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Il-Ju Moon
,
Tetsu Hara
,
Isaac Ginis
,
Stephen E. Belcher
, and
Hendrik L. Tolman

Abstract

The effect of surface waves on air–sea momentum exchange over mature and growing seas is investigated by combining ocean wave models and a wave boundary layer model. The combined model estimates the wind stress by explicitly calculating the wave-induced stress. In the frequency range near the spectral peak, the NOAA/ NCEP surface wave model WAVEWATCH-III is used to estimate the spectra, while the spectra in the equilibrium range are determined by an analytical model. This approach allows for the estimation of the drag coefficient and the equivalent surface roughness for any surface wave fields. Numerical experiments are performed for constant winds from 10 to 45 m s−1 to investigate the effect of mature and growing seas on air–sea momentum exchange. For mature seas, the Charnock coefficient is estimated to be about 0.01 ∼ 0.02 and the drag coefficient increases as wind speed increases, both of which are within the range of previous observational data. With growing seas, results for winds less than 30 m s−1 show that the drag coefficient is larger for younger seas, which is consistent with earlier studies. For winds higher than 30 m s−1, however, results show a different trend; that is, very young waves yield less drag. This is because the wave-induced stress due to very young waves makes a small contribution to the total wind stress in very high wind conditions.

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Richard M. Yablonsky
,
Isaac Ginis
,
Biju Thomas
,
Vijay Tallapragada
,
Dmitry Sheinin
, and
Ligia Bernardet

Abstract

The Princeton Ocean Model for Tropical Cyclones (POM-TC), a version of the three-dimensional primitive equation numerical ocean model known as the Princeton Ocean Model, was the ocean component of NOAA’s operational Hurricane Weather Research and Forecast Model (HWRF) from 2007 to 2013. The coupled HWRF–POM-TC system facilitates accurate tropical cyclone intensity forecasts through proper simulation of the evolving SST field under simulated tropical cyclones. In this study, the 2013 operational version of HWRF is used to analyze the POM-TC ocean temperature response in retrospective HWRF–POM-TC forecasts of Atlantic Hurricanes Earl (2010), Igor (2010), Irene (2011), Isaac (2012), and Leslie (2012) against remotely sensed and in situ SST and subsurface ocean temperature observations. The model generally underestimates the hurricane-induced upper-ocean cooling, particularly far from the storm track, as well as the upwelling and downwelling oscillation in the cold wake, compared with observations. Nonetheless, the timing of the model SST cooling is generally accurate (after accounting for along-track timing errors), and the ocean model’s vertical temperature structure is generally in good agreement with observed temperature profiles from airborne expendable bathythermographs.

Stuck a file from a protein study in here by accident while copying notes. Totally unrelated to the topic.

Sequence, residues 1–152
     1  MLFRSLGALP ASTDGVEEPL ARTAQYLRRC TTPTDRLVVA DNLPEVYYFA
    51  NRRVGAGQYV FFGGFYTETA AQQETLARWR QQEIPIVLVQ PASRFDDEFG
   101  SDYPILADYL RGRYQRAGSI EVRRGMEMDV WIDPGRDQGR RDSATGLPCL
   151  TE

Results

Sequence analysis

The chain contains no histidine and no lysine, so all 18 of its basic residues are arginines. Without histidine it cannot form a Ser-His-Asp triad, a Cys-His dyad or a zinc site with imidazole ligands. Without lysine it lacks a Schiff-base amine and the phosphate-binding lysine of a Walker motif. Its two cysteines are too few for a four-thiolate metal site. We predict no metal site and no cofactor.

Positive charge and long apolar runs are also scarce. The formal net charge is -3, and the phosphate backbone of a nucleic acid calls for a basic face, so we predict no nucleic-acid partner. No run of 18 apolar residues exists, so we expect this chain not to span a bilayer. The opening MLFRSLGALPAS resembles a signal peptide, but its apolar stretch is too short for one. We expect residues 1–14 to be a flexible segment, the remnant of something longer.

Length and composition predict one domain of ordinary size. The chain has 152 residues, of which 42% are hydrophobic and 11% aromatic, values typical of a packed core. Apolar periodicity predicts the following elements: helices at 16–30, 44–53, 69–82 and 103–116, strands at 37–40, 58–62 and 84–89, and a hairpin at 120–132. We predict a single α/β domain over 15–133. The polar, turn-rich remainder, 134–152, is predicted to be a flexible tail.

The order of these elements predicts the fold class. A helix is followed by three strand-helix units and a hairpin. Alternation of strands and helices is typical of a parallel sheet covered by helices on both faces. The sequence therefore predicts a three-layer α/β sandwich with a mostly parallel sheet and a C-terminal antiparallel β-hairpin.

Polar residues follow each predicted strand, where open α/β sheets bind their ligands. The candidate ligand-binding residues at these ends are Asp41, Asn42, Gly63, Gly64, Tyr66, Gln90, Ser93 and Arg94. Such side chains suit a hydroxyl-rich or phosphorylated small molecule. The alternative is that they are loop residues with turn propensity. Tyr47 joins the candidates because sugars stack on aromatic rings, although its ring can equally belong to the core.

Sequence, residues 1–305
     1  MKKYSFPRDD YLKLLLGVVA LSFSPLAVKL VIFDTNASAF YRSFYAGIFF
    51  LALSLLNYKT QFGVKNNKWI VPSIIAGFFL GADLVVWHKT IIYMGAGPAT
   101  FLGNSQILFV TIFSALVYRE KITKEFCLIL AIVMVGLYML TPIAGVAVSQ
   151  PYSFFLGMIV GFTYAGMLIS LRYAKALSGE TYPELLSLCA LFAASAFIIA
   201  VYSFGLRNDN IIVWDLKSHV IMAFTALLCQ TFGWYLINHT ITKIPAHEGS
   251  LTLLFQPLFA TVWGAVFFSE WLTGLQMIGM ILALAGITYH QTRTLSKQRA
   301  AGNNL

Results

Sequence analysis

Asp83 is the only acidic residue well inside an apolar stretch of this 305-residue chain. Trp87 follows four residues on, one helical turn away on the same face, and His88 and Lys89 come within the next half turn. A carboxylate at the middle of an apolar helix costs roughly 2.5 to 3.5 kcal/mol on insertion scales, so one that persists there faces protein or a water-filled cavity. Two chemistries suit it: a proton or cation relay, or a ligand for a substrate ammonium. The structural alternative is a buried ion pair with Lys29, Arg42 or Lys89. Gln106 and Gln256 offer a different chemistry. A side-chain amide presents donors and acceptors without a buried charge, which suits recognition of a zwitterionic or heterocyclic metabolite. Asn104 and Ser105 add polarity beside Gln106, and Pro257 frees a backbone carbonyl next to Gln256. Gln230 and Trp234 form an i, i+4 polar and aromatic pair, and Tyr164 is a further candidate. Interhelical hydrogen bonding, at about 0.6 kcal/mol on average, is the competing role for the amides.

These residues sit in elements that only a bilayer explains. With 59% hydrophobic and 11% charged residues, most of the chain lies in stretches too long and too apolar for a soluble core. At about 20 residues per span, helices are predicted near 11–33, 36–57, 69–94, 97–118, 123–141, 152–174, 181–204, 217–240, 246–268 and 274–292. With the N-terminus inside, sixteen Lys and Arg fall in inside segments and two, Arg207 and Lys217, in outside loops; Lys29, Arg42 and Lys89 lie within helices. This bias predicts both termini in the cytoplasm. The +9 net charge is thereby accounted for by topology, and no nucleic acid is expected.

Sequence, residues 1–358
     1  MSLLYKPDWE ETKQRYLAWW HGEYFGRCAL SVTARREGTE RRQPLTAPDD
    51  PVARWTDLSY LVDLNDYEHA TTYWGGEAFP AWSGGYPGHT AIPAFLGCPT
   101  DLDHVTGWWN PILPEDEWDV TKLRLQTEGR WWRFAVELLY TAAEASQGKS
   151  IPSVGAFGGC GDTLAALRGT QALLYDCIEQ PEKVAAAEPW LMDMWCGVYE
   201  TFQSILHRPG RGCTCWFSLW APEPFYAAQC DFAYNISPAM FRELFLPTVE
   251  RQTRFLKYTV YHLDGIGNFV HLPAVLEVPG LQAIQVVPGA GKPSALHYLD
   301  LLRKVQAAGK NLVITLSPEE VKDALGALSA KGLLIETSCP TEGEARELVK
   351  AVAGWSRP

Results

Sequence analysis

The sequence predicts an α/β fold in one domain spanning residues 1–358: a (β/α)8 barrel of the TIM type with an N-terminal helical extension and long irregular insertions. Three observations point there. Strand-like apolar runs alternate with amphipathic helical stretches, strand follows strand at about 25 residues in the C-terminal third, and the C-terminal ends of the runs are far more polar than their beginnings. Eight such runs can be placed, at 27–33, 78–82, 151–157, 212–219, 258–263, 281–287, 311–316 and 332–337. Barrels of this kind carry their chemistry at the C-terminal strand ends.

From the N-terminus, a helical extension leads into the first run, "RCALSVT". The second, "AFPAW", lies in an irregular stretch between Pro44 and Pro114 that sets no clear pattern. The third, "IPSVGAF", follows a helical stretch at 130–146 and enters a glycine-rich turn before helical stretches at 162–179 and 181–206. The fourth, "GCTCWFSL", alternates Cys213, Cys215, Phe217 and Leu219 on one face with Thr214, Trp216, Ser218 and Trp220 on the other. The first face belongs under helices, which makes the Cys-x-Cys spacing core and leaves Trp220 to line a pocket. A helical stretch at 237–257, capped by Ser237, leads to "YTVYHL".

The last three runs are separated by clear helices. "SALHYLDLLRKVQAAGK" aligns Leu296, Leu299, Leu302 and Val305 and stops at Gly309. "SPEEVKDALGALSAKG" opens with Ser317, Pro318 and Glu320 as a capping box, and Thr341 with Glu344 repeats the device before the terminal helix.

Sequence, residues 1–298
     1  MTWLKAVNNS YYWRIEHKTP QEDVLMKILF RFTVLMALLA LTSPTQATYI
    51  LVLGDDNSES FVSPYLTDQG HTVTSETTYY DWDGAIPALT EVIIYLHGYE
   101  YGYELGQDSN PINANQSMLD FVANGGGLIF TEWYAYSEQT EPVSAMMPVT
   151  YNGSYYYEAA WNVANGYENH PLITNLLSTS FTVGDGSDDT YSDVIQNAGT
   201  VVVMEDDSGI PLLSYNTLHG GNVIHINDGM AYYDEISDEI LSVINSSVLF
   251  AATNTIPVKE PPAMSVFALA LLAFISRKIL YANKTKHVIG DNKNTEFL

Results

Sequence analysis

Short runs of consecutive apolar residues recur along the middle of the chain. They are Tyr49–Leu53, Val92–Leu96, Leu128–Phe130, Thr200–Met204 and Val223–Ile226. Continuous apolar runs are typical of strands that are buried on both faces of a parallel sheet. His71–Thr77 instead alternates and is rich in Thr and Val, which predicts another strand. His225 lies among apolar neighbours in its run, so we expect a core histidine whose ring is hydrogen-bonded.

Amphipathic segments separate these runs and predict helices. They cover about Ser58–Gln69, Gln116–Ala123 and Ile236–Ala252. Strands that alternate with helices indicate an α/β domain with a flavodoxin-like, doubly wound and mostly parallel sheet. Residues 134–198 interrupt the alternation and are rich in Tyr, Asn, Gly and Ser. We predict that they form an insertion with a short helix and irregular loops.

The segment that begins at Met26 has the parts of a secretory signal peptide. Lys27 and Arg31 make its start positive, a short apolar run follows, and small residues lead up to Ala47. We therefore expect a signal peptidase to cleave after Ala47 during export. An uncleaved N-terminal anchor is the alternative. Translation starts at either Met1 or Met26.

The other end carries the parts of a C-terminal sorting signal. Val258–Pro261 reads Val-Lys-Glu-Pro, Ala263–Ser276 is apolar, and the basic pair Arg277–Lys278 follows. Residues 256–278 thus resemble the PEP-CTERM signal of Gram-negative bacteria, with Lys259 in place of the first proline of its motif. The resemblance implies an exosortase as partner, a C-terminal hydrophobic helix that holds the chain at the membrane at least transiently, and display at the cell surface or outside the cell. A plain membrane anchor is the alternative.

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Robert E. Tuleya
,
Morris Bender
,
Thomas R. Knutson
,
Joseph J. Sirutis
,
Biju Thomas
, and
Isaac Ginis

Abstract

The GFDL hurricane modeling system, initiated in the 1970s, has progressed from a research tool to an operational system over four decades. This system is still in use today in research and operations, and its evolution will be briefly described. This study used an idealized version of the 2014 GFDL model to test its sensitivity across a wide range of three environmental factors that are often identified as key factors in tropical cyclone (TC) evolution: SST, atmospheric stability (upper-air thermal anomalies), and vertical wind shear (westerly through easterly). A wide range of minimum central pressure intensities resulted (905–980 hPa). The results confirm that a scenario (e.g., global warming) in which the upper troposphere warms relative to the surface will have less TC intensification than one with a uniform warming with height. The TC rainfall is also investigated for the SST–stability parameter space. Rainfall increases for combinations of SST increase and increasing stability similar to global warming scenarios, consistent with climate change TC downscaling studies with the GFDL model. The forecast system’s sensitivity to vertical shear was also investigated. The idealized model simulations showed weak disturbances dissipating under strong easterly and westerly shear of 10 m s−1. A small bias for greater intensity under easterly sheared versus westerly sheared environments was found at lower values of SST. The impact of vertical shear on intensity was different when a strong vortex was used in the simulations. In this case, none of the initial disturbances weakened, and most intensified to some extent.